Samsung released its 8K TVs last year. However, these TVs are not yet certified by the 8K Association, a cross-industry group that was formed and tasked to oversee the growth of the 8K TV ecosystem. The association comprises of TV makers like Samsung, Panasonic, and Hisense.
In September 2019, the 8K Association published its industry performance specifications that 8K TVs from manufacturers must meet if they need certification.
Samsung has recently announced that its line of 8K QLED TVs is among the first TV sets to be certified by the 8K Association.
The company stated that they have partnered with the association, and this will help them have their sets certified.
You may ask yourself why should Samsung even bother certifying their 8K TVs when they are already on sale. Well, the 8K Association was formed after the first 8K TV sets had already hit the market. So what the certification will do is to help consumers make an informed decision while shopping for 8K TVs in the future.
Samsung says that the certification will help “provide consumers with the ability to easily identify premium 8K displays from other devices when making purchasing decisions.”
According to the guidelines set by the 8KA, TV sets MUST have a resolution of least 7,680 x 4,320 pixels, with a peak brightness of 600 nits. The sets must also have support for HDMI 2.1 and HEVC (H.265 codec) standards. The Input Frame Rate must also be either 24p, 30p and 60p frames per second.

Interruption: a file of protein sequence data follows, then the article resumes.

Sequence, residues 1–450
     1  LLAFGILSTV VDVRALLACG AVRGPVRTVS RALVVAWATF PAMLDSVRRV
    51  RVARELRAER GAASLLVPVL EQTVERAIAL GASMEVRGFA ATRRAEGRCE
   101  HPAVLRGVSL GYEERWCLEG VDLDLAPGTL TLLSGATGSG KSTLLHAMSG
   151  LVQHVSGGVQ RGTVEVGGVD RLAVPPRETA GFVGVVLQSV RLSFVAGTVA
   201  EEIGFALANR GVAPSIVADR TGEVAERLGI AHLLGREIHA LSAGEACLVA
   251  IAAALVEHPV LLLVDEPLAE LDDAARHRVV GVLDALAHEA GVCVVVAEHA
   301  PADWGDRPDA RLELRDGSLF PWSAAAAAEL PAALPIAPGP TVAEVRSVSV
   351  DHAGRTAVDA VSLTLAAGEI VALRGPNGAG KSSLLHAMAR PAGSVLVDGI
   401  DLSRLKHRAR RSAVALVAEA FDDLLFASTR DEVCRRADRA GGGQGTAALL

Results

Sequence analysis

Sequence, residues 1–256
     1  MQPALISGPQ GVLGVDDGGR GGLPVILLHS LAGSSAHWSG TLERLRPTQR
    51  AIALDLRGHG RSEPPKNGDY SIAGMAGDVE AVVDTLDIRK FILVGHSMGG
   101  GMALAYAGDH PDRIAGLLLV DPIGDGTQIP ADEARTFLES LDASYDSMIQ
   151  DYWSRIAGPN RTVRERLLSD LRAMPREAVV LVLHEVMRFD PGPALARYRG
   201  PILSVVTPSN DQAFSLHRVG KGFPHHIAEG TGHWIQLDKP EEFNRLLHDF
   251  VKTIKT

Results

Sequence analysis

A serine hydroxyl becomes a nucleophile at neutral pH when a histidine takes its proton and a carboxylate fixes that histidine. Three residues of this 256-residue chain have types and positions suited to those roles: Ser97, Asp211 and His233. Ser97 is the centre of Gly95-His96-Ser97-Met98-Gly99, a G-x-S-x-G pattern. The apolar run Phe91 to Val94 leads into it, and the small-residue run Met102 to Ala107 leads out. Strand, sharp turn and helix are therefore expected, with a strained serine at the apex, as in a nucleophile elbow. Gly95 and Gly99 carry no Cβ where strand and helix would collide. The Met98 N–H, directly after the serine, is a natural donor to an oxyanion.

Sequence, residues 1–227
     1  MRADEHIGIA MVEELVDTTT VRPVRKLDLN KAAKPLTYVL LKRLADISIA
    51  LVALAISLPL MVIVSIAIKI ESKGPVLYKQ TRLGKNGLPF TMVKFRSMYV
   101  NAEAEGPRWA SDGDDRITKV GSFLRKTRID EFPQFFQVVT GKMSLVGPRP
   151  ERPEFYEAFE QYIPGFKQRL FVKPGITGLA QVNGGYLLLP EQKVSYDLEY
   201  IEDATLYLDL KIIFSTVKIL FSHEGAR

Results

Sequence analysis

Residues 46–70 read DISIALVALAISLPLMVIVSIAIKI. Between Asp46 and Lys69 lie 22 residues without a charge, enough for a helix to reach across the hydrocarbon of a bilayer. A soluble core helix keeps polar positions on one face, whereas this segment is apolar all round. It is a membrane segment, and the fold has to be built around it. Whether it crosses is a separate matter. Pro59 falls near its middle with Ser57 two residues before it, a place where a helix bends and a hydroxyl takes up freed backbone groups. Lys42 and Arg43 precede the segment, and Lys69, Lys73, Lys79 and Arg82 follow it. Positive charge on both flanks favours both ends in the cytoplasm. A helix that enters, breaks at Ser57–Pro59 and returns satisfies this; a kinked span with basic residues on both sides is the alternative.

The LG – Samsung Battle
LG, at the IFA 2019 trade show, claimed that Samsung’s 8K TVs were not truly 8K. LG claimed that the pixel count itself should not be the final measure for resolution. LG argues that the real measure of 8K should be the ability to distinguish individual pixels.
The issue hasn’t been justifiable, and it may have been LG’s turn to mock Samsung adding on to their long-running and often bitter battle. In the past, Samsung also claimed that some of LG’s 4K TVs, which used RGBW panels, didn’t deliver true native 4K images.
It is worth noting that LG is not part of the 8K association. So LG based its claims on measurements from the International Committee for Display Metrology (ICDM), who, by the way, released a statement later that thrashed LG’s claims.